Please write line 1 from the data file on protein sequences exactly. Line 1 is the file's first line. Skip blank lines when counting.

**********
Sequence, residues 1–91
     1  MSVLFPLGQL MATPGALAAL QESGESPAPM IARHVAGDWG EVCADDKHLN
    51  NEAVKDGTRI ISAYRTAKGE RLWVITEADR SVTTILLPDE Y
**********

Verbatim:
Sequence, residues 1–91